10 Composition Tips For Incredible Landscape iPhone Photos

Landscape photography can often seem intimidating, especially when you see amazing photos from exotic locations and foreign countries. But it’s possible to take interesting photos even in the bleakest of locations. In this tutorial you’ll discover ten great composition techniques to help you take stunning landscape photos with your iPhone, no matter where in the world you are.

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I live in Wichita, Kansas, which can feel like a world away from anything interesting. But there are interesting subjects and landscapes in any locale – even yours.

It’s not so much about where you are or what the landscape looks like. A good photographer can create amazing photos from almost anything. It’s all down to how you compose the shot, the angle that you shoot from and what you include in your frame.

So, let’s take a look at ten tips and tricks to help you get the most out of your landscape photos, even if your landscape is less than extraordinary.

1. Find An Interesting Subject

This may seem obvious… of course you want to find an interesting subject for your photograph. A photo without a point of interest is pretty pointless. But “interesting” may have to take on a different role when you’re in the middle of nowhere.

If you’re shooting in a busy city or exotic location, there are interesting subjects everywhere you look. It can be hard to capture it all. But if you’re in a bleak landscape with no obvious outstanding features, you may struggle to find anything interesting to photograph at all.

But look closer. There will always be something of interest to photograph, no matter what type of landscape you’re shooting in. Familiar objects such as trees and telegraph poles can make interesting subjects in a landscape photo.

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This photo doesn’t have anything in it that’s particularly extraordinary. Yet the composition and the scale work to create a fairly dynamic image.

If I’d taken a few steps forward I wouldn’t have got the tree and telegraph pole in the frame, and it would have been a fairly boring photo with nothing of particular interest and a very large expanse of sky.

But composing the shot from this position, and including these objects in the frame, has created a much more interesting photo of this landscape.

2. Use The Rule Of Thirds

The rule of thirds is a basic composition rule that says you should keep your subject in either the right, left, top or bottom third of the frame. This creates more dynamic energy in your photograph than if you were to position the subject directly in the center of the frame.

To compose your shot using the rule of thirds, imagine two lines crossing your frame horizontally and two more crossing vertically. Then try to place your subject on one of the spots where the lines intersect.

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Turning on the grid in your camera settings is a great way to help you compose your photos using the rule of thirds. To turn the grid on, open the Settings app on your iPhone, tap Photos and Camera, then switch on the Grid option.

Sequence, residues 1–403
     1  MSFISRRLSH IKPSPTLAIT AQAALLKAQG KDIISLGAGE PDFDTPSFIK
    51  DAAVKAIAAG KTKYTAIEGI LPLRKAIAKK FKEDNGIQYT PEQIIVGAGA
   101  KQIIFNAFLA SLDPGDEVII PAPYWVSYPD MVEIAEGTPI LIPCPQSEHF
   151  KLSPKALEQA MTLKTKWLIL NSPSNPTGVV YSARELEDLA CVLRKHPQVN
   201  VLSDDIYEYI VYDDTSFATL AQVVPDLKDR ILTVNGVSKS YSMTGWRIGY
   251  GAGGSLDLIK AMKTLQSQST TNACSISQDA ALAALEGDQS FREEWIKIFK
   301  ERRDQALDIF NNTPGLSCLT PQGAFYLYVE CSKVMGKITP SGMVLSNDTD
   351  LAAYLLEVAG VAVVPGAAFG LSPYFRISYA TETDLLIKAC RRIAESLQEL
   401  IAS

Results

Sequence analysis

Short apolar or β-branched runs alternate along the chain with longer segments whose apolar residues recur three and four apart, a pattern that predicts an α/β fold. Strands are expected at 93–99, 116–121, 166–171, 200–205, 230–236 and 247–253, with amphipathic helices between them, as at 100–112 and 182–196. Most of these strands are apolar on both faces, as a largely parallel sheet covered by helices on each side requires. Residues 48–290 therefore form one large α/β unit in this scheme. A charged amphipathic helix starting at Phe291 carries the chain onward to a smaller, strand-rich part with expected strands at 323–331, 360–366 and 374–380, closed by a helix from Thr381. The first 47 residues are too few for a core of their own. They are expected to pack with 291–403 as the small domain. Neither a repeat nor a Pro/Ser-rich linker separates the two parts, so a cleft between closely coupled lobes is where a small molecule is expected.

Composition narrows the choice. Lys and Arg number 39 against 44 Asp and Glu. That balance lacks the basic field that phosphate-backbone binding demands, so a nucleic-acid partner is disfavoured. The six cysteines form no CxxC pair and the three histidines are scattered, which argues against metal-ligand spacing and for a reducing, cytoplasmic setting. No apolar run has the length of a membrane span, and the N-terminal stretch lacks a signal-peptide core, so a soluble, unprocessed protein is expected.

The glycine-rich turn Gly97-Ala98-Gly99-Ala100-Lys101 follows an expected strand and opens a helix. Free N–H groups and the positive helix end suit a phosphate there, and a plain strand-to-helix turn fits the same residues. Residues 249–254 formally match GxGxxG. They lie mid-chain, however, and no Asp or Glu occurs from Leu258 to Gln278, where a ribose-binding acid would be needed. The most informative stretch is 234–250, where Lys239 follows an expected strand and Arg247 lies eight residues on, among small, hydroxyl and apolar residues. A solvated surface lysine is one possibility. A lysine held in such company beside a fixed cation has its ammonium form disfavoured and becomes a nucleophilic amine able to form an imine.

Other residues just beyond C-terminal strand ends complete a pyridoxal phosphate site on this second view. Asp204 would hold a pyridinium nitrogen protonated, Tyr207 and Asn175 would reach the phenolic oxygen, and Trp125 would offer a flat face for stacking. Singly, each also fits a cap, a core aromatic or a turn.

Of course, this “rule” is really just a guideline, and rules are made to be broken! So once you’ve learned to use the rule of thirds, you can then try intentionally breaking the rule and positioning your subject in the centre, but only do this if there’s a good reason for it and it adds to the composition.

3. Look For Symmetry

This rule is almost the opposite of using the rule of thirds as it focuses your eye in the center of the frame. Using symmetry involves creating an images that is similar on both sides of the frame, and it can create a very strong composition that instantly catches the viewer’s eye.

This technique works great for patterns, so if you see something that is repeated, such as a row of trees or stacks of hay bales, compose your shot so that your subjects are symmetrically lined up on either side of the frame.

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Images can be vertically or horizontally symmetrical. The above image is horizontally symmetrical since the left and right sides of the photo are almost a mirror image of each other.

Water is a great place for creating vertical symmetry as it allows you to capture a reflection of the sky in the water at the bottom of the photo.

For a slightly more natural composition, you could try off-setting the symmetry just a little bit, almost like using the rule of thirds.

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In this example you can see that the photo has an element of symmetry, but it’s offset slightly by positioning the road more to the right of the frame.

It’s always worth taking several shots from different viewpoints, centre and off-centre, so that you have a variety of images to choose from.

4. Incorporate Leading Lines

Leading lines is another composition rule that states you should use naturally occurring lines, or things that look like lines, to lead the viewer’s eye towards the subject.

This works really well with roads, rivers, fences, power lines, or natural rows of objects such as a row of trees.

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In this composition, I use a road to lead you to the subject. In this case, the subject is the wind turbine. Leading lines can be straight, curved, S-shaped, converging, etc.